Council admits £53m cuts are risk to disabled and elderly

Norfolk Council has admitted it risks limiting disabled and older people's independence and quality of life through a planned £53m cut to adult social care over the next three years.

Norfolk Council has admitted it risks limiting disabled and older people’s independence and quality of life through a planned £53m cut to adult social care over the next three years.

The plans, which are out to consultation, involve slashing preventive services, mental health spending and day care, squeezing care providers, raising eligibility thresholds to critical only and increasing care charges.

Sparked by the government’s comprehensive spending review last week, the council plans to reduce staff by 3,000 and slash spending by £150m over the next three years.

More than one-third of savings will come in adult social care, on which the council spent £390m last year.

Its own equality impact assessment on the plans said the proposals would “significantly impact on disabled people, their carers and families”, as well as older people.

“It may limit disabled and older people’s independence and resources, and affect their quality of life and mobility across the

county,” the assessment concluded. “It may restrict their access to the built environment, public transport and leisure activities. It may increase their vulnerability to loneliness and social isolation, and place greater responsibilities of care on their families, friends and colleagues.”

The biggest hit – £18m over the three years – will be on preventive services, including Supporting People, assistive technology and funding for the third sector.

The councils also plans to cease providing day centres by 2012, saving £7.7m, cut transport funding for social care users (£6.7m) and squeeze providers (£4.7m) by freezing care fees in 2011-12 and raising them by only 1% in 2012-13.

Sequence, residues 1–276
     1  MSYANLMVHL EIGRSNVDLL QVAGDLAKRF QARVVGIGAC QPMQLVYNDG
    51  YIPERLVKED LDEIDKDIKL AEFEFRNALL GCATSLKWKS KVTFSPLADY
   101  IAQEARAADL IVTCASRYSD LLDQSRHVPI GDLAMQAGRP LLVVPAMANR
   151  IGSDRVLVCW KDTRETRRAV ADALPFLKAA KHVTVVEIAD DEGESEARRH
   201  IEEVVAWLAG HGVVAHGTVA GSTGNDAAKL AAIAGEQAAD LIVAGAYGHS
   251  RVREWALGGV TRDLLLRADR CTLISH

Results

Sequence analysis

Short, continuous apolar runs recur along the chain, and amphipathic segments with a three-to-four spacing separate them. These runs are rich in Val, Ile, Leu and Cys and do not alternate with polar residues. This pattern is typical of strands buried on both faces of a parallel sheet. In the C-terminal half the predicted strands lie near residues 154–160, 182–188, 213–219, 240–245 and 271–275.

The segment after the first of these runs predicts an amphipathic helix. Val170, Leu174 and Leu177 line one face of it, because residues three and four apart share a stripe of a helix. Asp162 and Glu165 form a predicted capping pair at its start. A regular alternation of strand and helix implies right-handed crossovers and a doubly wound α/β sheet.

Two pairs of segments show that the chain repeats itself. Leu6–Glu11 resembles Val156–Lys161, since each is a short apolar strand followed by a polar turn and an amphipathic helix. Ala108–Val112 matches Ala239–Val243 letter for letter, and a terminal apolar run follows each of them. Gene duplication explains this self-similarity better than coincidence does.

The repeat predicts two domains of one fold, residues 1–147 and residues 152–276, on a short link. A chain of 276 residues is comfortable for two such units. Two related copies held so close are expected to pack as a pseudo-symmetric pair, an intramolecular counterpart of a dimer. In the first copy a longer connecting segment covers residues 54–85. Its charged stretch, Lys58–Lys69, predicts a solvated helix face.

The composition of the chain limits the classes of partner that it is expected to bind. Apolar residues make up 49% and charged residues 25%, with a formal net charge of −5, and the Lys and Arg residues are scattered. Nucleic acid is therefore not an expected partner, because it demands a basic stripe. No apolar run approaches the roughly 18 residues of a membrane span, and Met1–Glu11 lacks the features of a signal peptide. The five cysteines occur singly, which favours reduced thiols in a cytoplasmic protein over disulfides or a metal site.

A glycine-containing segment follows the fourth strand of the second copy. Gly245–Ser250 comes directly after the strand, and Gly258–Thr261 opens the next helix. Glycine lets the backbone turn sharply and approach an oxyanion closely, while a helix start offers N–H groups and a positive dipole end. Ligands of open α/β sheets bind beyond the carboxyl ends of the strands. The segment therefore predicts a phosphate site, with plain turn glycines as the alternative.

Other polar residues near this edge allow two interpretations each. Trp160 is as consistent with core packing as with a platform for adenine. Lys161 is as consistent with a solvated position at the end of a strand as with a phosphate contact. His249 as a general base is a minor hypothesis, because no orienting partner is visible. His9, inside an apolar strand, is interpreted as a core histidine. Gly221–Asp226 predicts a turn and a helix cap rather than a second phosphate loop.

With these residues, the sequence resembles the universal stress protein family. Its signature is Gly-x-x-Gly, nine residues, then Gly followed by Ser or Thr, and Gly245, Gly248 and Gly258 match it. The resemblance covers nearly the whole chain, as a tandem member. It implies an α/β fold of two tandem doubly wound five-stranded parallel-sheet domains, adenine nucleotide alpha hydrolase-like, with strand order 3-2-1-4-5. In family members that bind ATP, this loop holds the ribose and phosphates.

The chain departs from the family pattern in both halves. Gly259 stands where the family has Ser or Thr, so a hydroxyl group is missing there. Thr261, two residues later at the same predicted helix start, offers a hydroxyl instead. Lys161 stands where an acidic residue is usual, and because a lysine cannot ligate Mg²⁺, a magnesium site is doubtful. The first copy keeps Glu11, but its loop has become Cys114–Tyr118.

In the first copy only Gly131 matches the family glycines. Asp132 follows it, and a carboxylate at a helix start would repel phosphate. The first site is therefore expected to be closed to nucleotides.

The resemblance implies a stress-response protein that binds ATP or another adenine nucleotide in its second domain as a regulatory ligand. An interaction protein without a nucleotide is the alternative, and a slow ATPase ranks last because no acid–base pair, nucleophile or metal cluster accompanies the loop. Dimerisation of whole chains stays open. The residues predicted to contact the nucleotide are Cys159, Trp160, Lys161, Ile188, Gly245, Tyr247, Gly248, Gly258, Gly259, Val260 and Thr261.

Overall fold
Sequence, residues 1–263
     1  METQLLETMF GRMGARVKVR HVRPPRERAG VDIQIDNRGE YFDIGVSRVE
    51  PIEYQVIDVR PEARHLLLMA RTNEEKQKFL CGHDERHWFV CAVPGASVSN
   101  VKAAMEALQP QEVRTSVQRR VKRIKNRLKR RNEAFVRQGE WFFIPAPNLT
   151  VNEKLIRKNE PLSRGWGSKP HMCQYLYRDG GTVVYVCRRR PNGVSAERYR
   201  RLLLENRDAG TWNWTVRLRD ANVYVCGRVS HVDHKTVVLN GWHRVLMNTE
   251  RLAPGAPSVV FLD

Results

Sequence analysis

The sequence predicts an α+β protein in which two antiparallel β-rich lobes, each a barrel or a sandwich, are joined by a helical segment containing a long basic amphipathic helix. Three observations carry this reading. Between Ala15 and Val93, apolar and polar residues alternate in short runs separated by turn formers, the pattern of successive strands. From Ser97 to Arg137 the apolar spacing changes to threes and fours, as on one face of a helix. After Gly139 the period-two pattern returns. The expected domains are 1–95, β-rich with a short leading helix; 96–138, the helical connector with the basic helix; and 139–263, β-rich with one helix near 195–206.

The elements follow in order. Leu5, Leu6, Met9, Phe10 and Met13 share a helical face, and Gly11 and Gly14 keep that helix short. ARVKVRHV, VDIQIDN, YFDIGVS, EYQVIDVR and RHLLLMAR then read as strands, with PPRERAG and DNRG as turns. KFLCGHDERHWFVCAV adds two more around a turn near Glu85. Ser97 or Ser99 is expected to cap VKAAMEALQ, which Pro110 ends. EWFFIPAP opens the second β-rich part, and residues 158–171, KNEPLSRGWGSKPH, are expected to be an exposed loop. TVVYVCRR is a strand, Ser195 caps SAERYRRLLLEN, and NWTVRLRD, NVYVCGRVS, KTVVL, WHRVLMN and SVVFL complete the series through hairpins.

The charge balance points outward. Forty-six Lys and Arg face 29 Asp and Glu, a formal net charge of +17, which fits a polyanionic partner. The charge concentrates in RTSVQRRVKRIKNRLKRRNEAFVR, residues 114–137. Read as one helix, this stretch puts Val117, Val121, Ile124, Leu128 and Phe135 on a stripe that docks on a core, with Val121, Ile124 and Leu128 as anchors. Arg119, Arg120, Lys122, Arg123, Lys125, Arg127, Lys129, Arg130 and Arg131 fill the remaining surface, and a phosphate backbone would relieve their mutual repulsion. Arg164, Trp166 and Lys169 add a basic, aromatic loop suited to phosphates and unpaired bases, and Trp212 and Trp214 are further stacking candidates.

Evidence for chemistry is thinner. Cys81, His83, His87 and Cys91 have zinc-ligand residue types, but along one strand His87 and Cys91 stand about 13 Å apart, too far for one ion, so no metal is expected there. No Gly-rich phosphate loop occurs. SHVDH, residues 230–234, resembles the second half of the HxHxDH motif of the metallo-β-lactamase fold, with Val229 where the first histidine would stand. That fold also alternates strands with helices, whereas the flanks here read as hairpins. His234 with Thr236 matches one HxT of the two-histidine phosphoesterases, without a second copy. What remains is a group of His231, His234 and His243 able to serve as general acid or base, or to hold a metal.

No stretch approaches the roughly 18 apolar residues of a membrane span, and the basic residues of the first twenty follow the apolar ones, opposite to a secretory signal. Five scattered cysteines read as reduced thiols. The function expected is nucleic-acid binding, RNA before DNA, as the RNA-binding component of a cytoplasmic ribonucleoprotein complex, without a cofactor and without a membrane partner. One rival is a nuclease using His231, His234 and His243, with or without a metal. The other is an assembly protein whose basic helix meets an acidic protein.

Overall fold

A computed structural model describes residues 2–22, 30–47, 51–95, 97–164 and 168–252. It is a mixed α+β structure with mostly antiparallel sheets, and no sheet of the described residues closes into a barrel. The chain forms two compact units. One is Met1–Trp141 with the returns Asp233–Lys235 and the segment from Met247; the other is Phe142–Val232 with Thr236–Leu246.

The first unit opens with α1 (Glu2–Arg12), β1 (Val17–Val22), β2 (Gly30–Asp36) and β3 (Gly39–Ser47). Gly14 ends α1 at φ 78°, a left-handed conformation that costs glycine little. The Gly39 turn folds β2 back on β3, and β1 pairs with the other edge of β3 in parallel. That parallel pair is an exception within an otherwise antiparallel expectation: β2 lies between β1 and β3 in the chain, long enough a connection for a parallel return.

It is proposing to save £1.4m by raising eligibility criteria from substantial to critical only, putting it among only a handful of councils that limit formal care services to people with the highest needs; £1.6m would be cut from mental health services next year.

Norfolk also plans to save £1.5m by promoting self-assessments by service users, which would “prioritise social work need on people in greatest need”.

“It will have a devastating effect,” said Mark Harrison, chief executive of Norfolk Coalition of Disabled People. “It’s going to set the clock back 15 to 20 years in terms of disability rights and independent living. People will be prisoners in their own homes and beds.”

“We are concerned about the impact of the proposals,” said Eamon McGrath, community development manager at Age Concern Norfolk. He said cutting preventive services while raising eligibility to critical only was “short-sighted” and would “store up problems for the future”. The charity has launched a campaign – Cut Cake Not Care – against the cuts, calling on the council to reconsider them.

“All authorities are facing the same situation,” said David Harwood, the council’s portfolio holder for adult social care. “We have to protect those who are most vulnerable as much as we can.”

He said this could involve investing more in adult safeguarding, and that the council would not raise eligibility thresholds if it could be avoided. The council would seek to protect services through more joint work with the local primary care trust.

However, Harwood added: “We have a high elderly population. Last year the number of people who needed assessments went up by 44%. We have to look at where we can have the maximum effect.”

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